A Day In The Life Of District Leader Paul Carideo

8/15/2011

District leader may be a bit of a misnomer when it comes to Paul Carideo's job title. District guide may be a better alternative. As district leader for 12 stores in Middlesex County, N.J., Carideo believes in working with his team of Quick Chek employees to find solutions, not giving them the answers.

"When people call, you shouldn't always give them the answers. You should guide them to the answers, probe them to think," he explained, as Convenience Store News shadowed him during a particularly hot Monday in mid-July. "I don't want to do their job for them."

This style of leading has paid off. During his tenure as district leader, two other current district leaders learned the ropes from him as store leaders, as did two former district leaders. And the number of current store leaders is too many to count — including Angelo Perito, store leader at the 53rd Street Quick Chek, who CSNews also shadowed for this report (see page 32).

Carideo has experience behind him. As a 17-year-old, he rode his bicycle to his first Quick Chek job at a store in Parsippany, N.J. He spent the summer bagging ice, packing out groceries, facing the store and putting the newspapers together. When fall came, he left for college in Florida, returning to New Jersey two years later when he transferred to Fairleigh Dickinson University in Madison. Through it all, he worked part time for the convenience store operator.

Despite his father's push to apply for desk jobs after earning his undergraduate degree, Carideo took a position with Quick Chek as assistant manager. Three months later, he was promoted to store leader, moving up to district leader in 1981. (Carideo recently returned to school and earned his master's in business administration from Kean University in Union, N.J.)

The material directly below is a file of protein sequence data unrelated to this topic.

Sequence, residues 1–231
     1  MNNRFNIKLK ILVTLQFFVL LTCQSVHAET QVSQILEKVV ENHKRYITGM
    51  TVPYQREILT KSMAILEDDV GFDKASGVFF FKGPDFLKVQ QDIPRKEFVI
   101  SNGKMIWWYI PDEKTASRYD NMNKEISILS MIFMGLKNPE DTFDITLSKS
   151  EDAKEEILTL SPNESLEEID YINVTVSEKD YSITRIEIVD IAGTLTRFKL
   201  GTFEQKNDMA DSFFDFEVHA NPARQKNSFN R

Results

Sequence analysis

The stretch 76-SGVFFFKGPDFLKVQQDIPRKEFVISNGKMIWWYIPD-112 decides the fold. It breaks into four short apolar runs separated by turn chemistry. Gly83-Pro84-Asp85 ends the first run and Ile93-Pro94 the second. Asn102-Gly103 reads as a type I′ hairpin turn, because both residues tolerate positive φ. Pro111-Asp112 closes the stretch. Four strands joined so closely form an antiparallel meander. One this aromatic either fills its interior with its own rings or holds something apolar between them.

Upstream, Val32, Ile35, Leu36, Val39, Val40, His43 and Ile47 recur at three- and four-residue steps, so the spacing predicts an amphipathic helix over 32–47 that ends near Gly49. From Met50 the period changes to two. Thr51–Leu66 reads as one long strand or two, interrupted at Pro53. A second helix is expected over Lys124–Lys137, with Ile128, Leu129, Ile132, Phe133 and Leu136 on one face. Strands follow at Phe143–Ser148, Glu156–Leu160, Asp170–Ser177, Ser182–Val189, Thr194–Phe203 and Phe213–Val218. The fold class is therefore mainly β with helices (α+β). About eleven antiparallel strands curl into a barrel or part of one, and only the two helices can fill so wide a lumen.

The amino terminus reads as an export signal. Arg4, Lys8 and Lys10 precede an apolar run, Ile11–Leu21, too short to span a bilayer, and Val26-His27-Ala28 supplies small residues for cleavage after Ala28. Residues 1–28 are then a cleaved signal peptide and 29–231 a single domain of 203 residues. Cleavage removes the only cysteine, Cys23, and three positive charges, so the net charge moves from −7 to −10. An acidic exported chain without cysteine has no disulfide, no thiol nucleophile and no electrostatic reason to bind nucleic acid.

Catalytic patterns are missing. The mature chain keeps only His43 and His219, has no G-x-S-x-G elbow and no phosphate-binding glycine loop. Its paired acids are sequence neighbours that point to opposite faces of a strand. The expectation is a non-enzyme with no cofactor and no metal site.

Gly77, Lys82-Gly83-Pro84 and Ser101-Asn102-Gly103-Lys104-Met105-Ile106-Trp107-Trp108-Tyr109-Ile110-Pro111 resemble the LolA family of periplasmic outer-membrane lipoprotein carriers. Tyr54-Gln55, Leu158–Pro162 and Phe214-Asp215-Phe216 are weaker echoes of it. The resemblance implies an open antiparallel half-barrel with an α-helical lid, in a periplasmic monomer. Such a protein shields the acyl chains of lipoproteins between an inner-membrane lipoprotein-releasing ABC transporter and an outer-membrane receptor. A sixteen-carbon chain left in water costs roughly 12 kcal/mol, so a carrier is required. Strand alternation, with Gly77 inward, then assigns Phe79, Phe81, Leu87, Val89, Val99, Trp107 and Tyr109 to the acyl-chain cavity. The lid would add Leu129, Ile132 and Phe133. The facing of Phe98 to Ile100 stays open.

Now, as he marks 36 years with the company — 30 as district leader — it would be hard to imagine him anywhere else, let alone behind a desk. As if he needed any proof that he chose the right career path, Carideo has won several awards over the years. But he doesn't take all the credit. "When a district leader wins something, it's really the team that won," he said. "One person is the leader of the team, but it is really how the team performs for that leader."

As the leader, Carideo spends most of his time visiting the stores in his district, hitting at least two and sometimes three a day. He goes to his office in Quick Chek's corporate headquarters once a week and spends countless hours at home reading reports, sending out e-mails and writing to-do lists.

He is big on to-do lists, he jokingly admits, and has three different ones going at any given time. "One of the most important parts [of my job] is the to-do list," he said. "If you are not organized in this job, you will work nine days a week."

But in all seriousness, those lists help ensure nothing falls through the cracks. For example, when meeting with Sandy, the store leader at a Quick Chek in Middlesex, N.J., Carideo's list included finding out how the store was handling the recent transfer of a long-time employee. In another store in Edison, N.J., Carideo's list included discussing the frozen-food case with the store leader Ken.